Moving from Telling to Empowering
Letting your protege struggle can be the best lesson of all.
As a healthcare leader, you have probably achieved success based on your accomplishments as an individual. For instance, your ability to solve problems and make decisions may have helped you to earn a promotion. However, those same competencies can work against you in your mentoring relationship. As a mentor, your role is not to solve your protege's problems-it is to facilitate that individual's problem-solving efforts. This requires that you resist the temptation to tell your protege what to do and instead allow the individual to think through problems and come up with solutions independently. Following is an approach you can use to develop your protege's problem-solving skills that will foster independence and provide greater growth opportunities.
Focus on the person, not the problem.
Like most mentors, you probably feel protective of your protege. Consequently, when your protege approaches you with a problem, your first instinct is to come to the rescue with a solution. However, by focusing on solving your protege's problems, you deny the individual a valuable learning opportunity. Concentrate instead on your protege's development. By really listening to your protege explain a problem, you'll begin to understand the individual's strengths, weaknesses, and fears about the situation. From this, you'll gain insight into which areas your protege needs to develop to effectively deal with similar issues in the future.
Offer guidance, not solutions.
Encouraging your protege to think independently doesn't mean you can't offer any direction. But before you do, let your protege think through the problem and share the thought processes and problem-solving techniques. This method lets you know that your protege has made an effort to solve the problem independently. When you do make a suggestion, instead of using the words "you should," share a similar experience you may have had and relay to your protege your approach to solving the problem. Then ask your protege how that approach might work in his or her situation. Another way to offer guidance without providing answers is to play the role of devil's advocate. This approach helps your protege see the consequence of his or her decisions. The point is, the more you encourage the protege to develop solutions, the greater the growth and empowerment that will occur.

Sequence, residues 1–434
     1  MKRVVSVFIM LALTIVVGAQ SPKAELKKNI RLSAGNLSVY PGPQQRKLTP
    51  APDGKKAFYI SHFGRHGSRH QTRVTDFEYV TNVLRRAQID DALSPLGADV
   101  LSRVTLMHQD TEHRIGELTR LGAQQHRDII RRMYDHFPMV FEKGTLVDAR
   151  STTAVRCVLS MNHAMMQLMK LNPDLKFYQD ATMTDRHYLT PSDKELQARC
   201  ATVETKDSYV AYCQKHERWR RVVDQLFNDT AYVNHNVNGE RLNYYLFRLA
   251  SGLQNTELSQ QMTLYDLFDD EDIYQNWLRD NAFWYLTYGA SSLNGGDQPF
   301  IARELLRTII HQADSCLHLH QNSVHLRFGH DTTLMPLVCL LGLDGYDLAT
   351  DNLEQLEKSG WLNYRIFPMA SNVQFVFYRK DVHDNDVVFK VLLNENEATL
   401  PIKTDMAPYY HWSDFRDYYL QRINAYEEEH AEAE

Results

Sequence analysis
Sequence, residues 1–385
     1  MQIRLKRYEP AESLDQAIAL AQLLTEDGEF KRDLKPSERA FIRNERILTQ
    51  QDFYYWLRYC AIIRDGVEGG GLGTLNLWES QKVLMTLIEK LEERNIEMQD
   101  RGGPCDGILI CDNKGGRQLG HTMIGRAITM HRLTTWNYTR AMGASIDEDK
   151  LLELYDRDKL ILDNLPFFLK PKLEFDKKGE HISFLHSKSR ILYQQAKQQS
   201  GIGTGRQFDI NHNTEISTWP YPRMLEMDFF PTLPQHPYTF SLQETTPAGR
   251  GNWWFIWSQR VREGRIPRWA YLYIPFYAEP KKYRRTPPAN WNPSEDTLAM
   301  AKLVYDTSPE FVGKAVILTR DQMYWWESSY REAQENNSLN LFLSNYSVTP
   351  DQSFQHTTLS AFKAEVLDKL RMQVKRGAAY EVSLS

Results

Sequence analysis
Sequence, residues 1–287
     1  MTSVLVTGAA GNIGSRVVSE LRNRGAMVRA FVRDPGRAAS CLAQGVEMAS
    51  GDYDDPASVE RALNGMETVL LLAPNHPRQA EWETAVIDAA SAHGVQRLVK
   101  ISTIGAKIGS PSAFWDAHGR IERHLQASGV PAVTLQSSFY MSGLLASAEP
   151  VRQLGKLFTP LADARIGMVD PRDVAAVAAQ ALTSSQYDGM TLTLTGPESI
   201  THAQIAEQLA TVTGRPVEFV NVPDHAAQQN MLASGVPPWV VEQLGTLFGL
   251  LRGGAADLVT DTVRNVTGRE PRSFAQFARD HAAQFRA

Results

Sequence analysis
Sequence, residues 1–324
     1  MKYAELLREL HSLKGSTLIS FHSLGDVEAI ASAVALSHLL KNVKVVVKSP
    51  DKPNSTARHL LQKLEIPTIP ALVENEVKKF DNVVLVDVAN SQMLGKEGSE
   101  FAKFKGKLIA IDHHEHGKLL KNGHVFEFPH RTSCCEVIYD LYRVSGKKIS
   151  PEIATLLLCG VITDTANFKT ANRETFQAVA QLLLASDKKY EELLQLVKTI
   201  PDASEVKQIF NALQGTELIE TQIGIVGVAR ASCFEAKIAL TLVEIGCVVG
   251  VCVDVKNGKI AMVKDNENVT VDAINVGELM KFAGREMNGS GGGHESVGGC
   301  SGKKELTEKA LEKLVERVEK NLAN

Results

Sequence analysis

Know when to give advice.
While it's best to have your protege come up with solutions, there will be times when that individual requires your advice on how to handle an issue. How you choose to deal with your protege in such situations will affect the pace of the individual's development. The more you play the role of teller, the more dependent your protege will be on you for answers. At the same time, offering too little information can make your protege feel abandoned or anxious. There is no right way to behave in every situation, but what is appropriate in each mentor/protege interaction is that you make a conscious choice regarding what will be best for your protege's development. For example, if your protege is new and has limited experience and knowledge, that individual is likely to benefit more from your recommendations. But as your protege begins to grow and develop more confidence, you'll want to provide a range of options on how to handle a specific situation and let the individual decide the best course of action to take.
Following up with your protege to discuss the outcome of the situation is key to helping the individual derive learning from the experience. The follow-up should go beyond whether your protege solved the problem. It's important to find out what the individual has learned from the situation and the process. When discussing the outcome, ask your protege: What about your approach worked and what would you do differently in the same situation? What did you learn from this experience that would be useful in other situations? What did you learn about yourself in the process? Your protege's answers will give you an opportunity to evaluate his or her progress by revealing areas in which the individual demonstrated learning.
Throughout your mentoring relationship, your protege will look to you for direction. As a mentor, your role is to offer that guidance; however, your protege shouldn't become so dependent on you that he or she cannot function alone. By allowing your protege to make decisions-and mistakes-you create an opportunity for lifelong learning.
Jim Perrone is a founder and managing partner of Perrone-Ambrose Associates, Inc., an organizational development consulting firm that helps organizations create mentoring cultures.
Perrone-Ambrose Associates, Inc.
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Chicago, IL 60606
From Healthcare Executive, September/October 2001